In the present study, the total number of QS genes among 32 biofilm producing Staph. aureus isolates were 26(81.25%). Similar previous study reported that 50.82% QS genes were detected [36]. In this current study, among 32 biofilm producing Staph. aureus a majority (46.88%) of isolates belonged to agr-I, followed by agr-III (21.88%), agr-II (6.25%), and agr-IV (6.25%). This finding was nearly close to the previous studies [37, 38]. Another study reported that agr-II was the predominant one which was isolated from milk [39].This difference of obtained results may be due to differences of geographical location and source of isolation [36].

DNA sequence of amplified PCR product and translated nucleotide base sequence of agr-I showed point mutations and deletion including base substitution at multiple positions. Large and small deletions are the main source of gene-inactivating mutations followed by insertions/duplications and a considerable number of point mutation had been detected, including truncation by nonsense and missense mutations [40, 41].

In terms of the annual burden of morbidity and mortality it imposes on society,Staph. aureusis potentially the most significant bacterial pathogen. This is particularly so in the case of chronicStaph. aureusbiofilm infections. Staph. aureusis a clinically relevant pathogen due to its antimicrobial resistance and evasion of the host immune system [42]. So, biofilm detection may be included in routine laboratory tests for the better management of chronic or device associated infections.

Some studies have shown that some specific diseases were associated with specific agr types. One previous study showed that agr-I group was associated with invasive infections, especially bacteremia, agr-II group with invasive disease and agr-III group with noninvasive infection and TSST [43, 44, 45].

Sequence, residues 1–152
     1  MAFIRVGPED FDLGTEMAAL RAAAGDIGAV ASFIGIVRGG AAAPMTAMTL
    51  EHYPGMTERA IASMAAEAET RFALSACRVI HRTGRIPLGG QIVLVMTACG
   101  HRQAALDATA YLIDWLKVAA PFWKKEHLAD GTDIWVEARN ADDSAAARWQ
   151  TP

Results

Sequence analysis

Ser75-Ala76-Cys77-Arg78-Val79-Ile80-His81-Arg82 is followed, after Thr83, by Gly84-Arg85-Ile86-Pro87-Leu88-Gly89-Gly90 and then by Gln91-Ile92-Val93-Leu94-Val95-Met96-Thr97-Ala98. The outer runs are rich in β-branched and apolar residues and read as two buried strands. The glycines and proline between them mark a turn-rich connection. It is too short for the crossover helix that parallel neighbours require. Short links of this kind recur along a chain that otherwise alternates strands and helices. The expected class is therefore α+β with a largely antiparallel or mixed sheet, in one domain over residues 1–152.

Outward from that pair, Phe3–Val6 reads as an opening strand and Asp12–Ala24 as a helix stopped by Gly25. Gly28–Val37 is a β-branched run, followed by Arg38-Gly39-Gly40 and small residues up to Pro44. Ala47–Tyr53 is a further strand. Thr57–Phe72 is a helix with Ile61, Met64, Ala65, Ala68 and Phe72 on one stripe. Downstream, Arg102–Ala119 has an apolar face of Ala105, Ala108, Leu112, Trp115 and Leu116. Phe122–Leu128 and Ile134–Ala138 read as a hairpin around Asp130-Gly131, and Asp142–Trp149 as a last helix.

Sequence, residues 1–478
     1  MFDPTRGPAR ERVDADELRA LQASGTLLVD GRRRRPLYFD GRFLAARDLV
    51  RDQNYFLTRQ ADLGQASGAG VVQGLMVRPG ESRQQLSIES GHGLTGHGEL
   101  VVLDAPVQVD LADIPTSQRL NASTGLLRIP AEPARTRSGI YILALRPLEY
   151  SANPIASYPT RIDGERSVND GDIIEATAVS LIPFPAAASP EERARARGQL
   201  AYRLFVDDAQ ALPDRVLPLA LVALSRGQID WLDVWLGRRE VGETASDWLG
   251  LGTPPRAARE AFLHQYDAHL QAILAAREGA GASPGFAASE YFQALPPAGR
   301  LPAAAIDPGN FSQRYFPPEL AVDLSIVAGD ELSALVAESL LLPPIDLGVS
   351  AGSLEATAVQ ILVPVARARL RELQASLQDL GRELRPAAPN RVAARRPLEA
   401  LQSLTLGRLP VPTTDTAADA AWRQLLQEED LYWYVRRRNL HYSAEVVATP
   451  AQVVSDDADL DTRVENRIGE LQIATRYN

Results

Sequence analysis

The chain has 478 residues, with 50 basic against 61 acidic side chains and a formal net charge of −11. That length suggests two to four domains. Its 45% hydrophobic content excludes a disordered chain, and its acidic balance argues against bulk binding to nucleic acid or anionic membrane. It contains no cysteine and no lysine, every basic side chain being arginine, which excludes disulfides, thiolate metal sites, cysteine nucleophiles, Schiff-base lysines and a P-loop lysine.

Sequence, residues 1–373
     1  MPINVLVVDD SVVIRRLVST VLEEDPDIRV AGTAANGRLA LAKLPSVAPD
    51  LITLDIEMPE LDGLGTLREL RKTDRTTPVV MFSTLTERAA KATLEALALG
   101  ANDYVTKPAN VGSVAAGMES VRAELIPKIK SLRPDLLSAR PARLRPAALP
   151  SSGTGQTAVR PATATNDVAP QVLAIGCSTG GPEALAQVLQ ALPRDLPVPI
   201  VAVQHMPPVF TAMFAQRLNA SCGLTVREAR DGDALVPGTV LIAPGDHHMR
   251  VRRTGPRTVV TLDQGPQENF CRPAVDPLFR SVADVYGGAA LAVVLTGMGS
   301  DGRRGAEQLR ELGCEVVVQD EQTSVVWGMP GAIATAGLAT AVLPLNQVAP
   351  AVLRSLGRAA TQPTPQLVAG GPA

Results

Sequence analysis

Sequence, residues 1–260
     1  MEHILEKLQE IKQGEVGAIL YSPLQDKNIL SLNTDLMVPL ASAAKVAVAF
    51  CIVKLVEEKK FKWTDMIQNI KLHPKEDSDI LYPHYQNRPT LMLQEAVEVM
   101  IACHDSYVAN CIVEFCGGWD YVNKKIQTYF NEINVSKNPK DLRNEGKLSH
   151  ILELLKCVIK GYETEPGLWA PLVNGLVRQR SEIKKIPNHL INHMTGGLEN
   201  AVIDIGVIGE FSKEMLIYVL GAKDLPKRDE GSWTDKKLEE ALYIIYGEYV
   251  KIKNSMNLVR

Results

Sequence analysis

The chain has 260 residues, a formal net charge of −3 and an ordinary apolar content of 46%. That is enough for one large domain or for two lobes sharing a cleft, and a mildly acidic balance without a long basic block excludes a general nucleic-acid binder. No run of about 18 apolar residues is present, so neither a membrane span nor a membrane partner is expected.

The resulting information would be very helpful for finding association of chronic Staph. aureusbiofilm infections with agr specific types as well as in targeting agr for the development of anti-staphylococcal drugs.

5. Conclusion

The clinical isolates of Staph. aureus of hospitalized patients exhibit a high degree of biofilm formation. We can conclude from our study that TCP is a reliable method to detect biofilm forming microorganisms. TCP method can be recommended as a routine test for detection of biofilm producing bacteria in laboratories.

Higher rate of antimicrobial resistance is demonstrated by non-biofilm producers than biofilm-producers. Although biofilm-positive strains have a higher tendency to show resistance to oxacillin, cefoxitin, ampicillin compared to biofilm-negative strains but not statistically significant (>0.05).

Among biofilm-producing Staph. aureus agr-I gene was predominant than other agr genes.

6. Acknowledgement

The author is thankful to all the teachers and staff of Microbiology department, Dhaka Medical College, Dhaka. This study was partially funded by Bangladesh Medical Research Council (BMRC).

7. Conflict of interest

There is no conflict of interest.

8. Ethics approval

This study was approved by Research Review Committee (RRC) of Department of Microbiology and Ethical Review Committee (ERC) of Dhaka Medical College, Dhaka, Bangladesh (Reference number: MEU-DMC/ECC/2019/171).